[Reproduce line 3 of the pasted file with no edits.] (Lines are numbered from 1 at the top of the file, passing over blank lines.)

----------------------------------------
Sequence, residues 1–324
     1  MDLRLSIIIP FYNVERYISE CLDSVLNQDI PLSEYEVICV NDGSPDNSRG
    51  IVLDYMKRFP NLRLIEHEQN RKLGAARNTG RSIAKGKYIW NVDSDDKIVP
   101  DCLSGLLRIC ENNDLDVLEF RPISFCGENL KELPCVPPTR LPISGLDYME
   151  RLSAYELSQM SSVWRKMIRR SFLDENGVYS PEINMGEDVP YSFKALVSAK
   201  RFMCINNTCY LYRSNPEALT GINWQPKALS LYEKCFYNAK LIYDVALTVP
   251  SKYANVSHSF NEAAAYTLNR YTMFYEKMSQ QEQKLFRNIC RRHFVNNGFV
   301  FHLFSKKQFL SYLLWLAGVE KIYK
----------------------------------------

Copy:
    51  IVLDYMKRFP NLRLIEHEQN RKLGAARNTG RSIAKGKYIW NVDSDDKIVP